So, this being the case, the officers informed me that standard operating procedures require them to process me and if I were able to post bail after the processing I was free to go home. After their processing, I was bailed out by a friend and went home. I went home, called my job and explained. Subsequently, worried for my daughter, I drove her to Atlanta, Georgia in order to protect her from the drama.
I returned to Florida and my lawyer informed me that he was going to request that the case is dismissed since there was only circumstantial evidence or have a “settle” that would have a minor impact on me. Knowing that I had made poor judgment, I settled for a misdemeanor, paid a fine of $300, and the case was closed. I NEVER WENT TO JAIL. Please note that this was not an admission of guilt, it was just a way for the case to end quickly.
I had previously resigned my position as technology specialist because I believed that my poor judgment was not in the interest of the people I worked with and for. I later went on to complete my third master’s degree, wrote my book and moved on with life.
Subsequent endeavors included various activities both in the USA and Liberia, the completion of a doctorate degree, work done at the Ministry of Posts and Telecommunications and other significant contributions to the ICT sector of Liberia.
Ultimately, I was called to lead the innovation department of LIBTELCO, later appointed to act as Chief Technology Officer/Deputy Managing Director of Technical Services by the Board of Directors. Later, through a board resolution and confirmation of the President of Liberia, I was appointed Managing Director and CEO of LIBTELCO.
This decision was made based on both my past and present performances. Prior to my appointment, sometime in 2014, when I initially applied for the position of Managing Director, I, in the interest of full disclosure, provided the details relating to the case in Florida to the Civil Service Agency which was headed by Hon. George Werner at the time.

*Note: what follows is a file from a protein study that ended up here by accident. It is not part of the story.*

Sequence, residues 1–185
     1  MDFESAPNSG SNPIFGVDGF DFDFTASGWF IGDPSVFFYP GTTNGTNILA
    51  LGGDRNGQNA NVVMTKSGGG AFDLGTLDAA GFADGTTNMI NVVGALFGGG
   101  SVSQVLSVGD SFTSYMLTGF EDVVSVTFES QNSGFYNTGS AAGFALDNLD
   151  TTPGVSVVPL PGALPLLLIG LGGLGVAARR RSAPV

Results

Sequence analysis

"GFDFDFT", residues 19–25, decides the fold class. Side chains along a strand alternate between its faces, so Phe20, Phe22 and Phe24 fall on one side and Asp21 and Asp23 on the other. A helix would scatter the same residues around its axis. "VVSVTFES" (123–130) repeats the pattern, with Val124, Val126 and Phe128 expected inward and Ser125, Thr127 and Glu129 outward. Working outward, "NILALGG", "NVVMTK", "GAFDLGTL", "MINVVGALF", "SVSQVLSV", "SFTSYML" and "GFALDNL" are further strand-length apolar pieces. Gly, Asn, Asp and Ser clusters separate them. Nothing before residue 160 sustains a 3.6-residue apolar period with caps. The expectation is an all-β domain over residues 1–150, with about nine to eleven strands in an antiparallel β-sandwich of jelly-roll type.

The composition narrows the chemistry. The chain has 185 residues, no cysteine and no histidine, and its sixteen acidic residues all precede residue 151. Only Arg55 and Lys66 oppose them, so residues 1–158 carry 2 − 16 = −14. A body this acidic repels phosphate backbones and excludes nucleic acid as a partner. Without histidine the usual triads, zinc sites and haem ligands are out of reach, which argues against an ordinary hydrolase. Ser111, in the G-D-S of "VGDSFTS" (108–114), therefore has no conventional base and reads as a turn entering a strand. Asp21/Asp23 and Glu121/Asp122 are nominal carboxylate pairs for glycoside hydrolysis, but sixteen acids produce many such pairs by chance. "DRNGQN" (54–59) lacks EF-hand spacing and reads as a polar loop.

I have spent and sacrificed the greater part of my life making contributions to the Liberian ICT sector. I have done this mostly on a cost-free basis. I helped write the National ICT Policy, the gov.lr policy, taught at institutions, and provided services to many organizations in Liberia over the years. My passion for ICT is unsurpassed and unwavering. My desire to see Liberia grow is insatiable and I will always give the best of my ability for my country.
As far as my afterhours life is concerned, in relation to the DUI. I have done a few things I am not proud of and I do regret them. I have been trying with the help of the almighty God and the Support of family and friends to ensure that my past transgressions are not repeated in my present or future life.
It is my hope that I have put this to rest and that I can now proceed with doing the work of the Liberian people. I look forward to your help as we strive to steer our country toward economic development, not just for ourselves but for generations to come.
About the author: Dr. Darren Wilkins is the Managing Director and Chief Executive Officer of the Liberia Telecommunications Company (LIBTELCO).